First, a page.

By Leeanne Seaver
The sound of drums reaches you first. It seems to be coming from the trees. You drive towards it on Mno-Bmadzewen Way over tribal land that belongs to the Nottawaseppi Huron Band of Potawatomi (NHBP). This is Pine Creek Reservation, established in 1845 by Chief Moguago on 120 acres between Fulton and Athens, and their Pow Wow has already begun.
Two tribal volunteers under a small canopy beside the road wave you over. You get a cheerful greeting, a map, and a small bottle of sunblock imprinted with the emblem of the tribe.
You should know that “Potawatomi” is just the way Europeans pronounced the name of the indigenous people of this place. They are the Bodewéwadmik: the ones who live near waterways. The Nottawaseppi Huron Band of the Bodewéwadmik are “the people who can hear the river.” You made note of that point during a talk given by jingle dancer Elizabeth Ballew, a member of the Huron Band, at the Vicksburg Pavilion in July, 2014.
That’s how you learn you went to school in Vicksburg with some of the kids who may have lived at Pine Creek. Ever since that 2014 event, you’ve been trying to fill the gaps of your embarrassing ignorance. Having spent most of your adult life in Colorado where Native American presence is robust, the lack of indigenous culture in this area puzzles you when you move back to your hometown. Discovering the Nottawaseppi have been here all along is as remarkable as it is bewildering. You go to several Pow Wows around the state, taking pictures without knowing the etiquette (ask first). The 2022 Pine Creek gathering June 25-26 is as photogenic as ever (you ask first) but there is so much more than a photo opp going on here.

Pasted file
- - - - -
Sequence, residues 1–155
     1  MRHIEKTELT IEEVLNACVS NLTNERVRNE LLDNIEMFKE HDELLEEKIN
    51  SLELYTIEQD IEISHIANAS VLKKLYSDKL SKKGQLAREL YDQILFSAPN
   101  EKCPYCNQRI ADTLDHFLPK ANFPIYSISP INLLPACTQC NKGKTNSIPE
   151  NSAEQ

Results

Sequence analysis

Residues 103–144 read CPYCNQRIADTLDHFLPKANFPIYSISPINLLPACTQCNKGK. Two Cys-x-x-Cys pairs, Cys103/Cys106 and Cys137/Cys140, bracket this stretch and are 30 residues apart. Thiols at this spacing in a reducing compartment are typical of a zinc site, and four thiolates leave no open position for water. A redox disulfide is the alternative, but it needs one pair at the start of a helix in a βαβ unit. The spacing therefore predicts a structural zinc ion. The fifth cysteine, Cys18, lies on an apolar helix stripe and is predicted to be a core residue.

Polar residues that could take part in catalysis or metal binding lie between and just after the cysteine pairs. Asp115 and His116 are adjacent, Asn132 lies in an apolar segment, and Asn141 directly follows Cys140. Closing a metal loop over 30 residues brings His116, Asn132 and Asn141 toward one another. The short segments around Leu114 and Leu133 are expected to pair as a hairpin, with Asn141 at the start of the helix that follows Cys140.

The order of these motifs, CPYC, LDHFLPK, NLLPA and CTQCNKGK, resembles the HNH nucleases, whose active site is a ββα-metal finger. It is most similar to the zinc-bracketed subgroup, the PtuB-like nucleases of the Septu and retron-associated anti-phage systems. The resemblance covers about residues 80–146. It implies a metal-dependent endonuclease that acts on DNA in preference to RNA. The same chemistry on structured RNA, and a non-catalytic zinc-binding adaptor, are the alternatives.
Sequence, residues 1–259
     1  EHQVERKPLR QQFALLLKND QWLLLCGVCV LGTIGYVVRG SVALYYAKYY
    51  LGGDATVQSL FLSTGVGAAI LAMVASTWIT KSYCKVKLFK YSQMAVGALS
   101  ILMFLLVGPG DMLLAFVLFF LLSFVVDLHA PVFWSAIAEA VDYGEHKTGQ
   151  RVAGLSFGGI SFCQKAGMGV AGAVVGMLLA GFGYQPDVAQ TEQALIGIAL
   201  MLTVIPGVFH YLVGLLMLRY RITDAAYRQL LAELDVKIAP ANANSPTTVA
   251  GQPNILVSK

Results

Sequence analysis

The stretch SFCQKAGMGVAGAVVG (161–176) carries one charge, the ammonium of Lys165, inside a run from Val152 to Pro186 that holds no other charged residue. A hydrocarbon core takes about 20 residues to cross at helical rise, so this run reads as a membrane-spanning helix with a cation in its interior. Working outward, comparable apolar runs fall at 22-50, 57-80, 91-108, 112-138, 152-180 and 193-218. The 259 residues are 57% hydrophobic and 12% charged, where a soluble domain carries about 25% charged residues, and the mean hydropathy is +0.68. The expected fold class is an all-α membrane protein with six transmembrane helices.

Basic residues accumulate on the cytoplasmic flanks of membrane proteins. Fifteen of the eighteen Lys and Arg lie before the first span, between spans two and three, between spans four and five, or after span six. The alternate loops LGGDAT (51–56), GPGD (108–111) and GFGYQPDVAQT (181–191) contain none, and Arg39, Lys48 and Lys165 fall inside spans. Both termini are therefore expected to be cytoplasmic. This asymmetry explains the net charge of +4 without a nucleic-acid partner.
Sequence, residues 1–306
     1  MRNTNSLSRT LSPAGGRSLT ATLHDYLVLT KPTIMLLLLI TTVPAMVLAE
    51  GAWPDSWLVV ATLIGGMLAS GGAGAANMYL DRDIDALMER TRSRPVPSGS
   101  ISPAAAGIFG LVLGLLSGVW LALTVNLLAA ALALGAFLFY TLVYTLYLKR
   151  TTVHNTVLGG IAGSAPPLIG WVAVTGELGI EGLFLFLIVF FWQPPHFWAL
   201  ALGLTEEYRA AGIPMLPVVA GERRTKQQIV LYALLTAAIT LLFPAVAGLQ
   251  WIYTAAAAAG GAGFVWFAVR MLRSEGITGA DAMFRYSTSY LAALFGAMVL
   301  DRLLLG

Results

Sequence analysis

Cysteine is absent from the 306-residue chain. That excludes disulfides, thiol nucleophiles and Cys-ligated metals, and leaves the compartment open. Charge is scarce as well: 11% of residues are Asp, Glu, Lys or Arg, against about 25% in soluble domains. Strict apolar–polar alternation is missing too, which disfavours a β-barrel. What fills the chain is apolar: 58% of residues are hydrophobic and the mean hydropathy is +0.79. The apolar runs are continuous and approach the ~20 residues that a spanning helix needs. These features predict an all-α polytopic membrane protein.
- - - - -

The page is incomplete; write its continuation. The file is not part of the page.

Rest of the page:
As Vicksburg celebrates its sesquicentennial in 2022, it’s a very good time to point out the indigenous population who’ve been here longer than 150 years. Local historians have done some good work documenting the local Nottawaseppi tribe, especially Maggie Snyder of the Vicksburg Historical Society. The NHBP has a website where you can learn the tribe’s history from its own point of view. According to its press kit, “The Potawatomi Nation encompassed lands along the southeastern shore of Lake Michigan, across to Detroit and from the Huron and Grand Rivers southward into northern Indiana, Ohio and Illinois. Tribal Members were later forced to cede the remainder of their ‘reserved lands’ contained within the ‘Notawasepe Reserve’ and were relocated to lands west of the Mississippi River. During this removal, called the Trail of Death, a group of Tribal Members escaped and returned to their native lands in Michigan. Now the Nottawaseppi Huron Band of the Potawatomi reside on the Pine Creek Indian Reservation, which was part of these traditional lands.”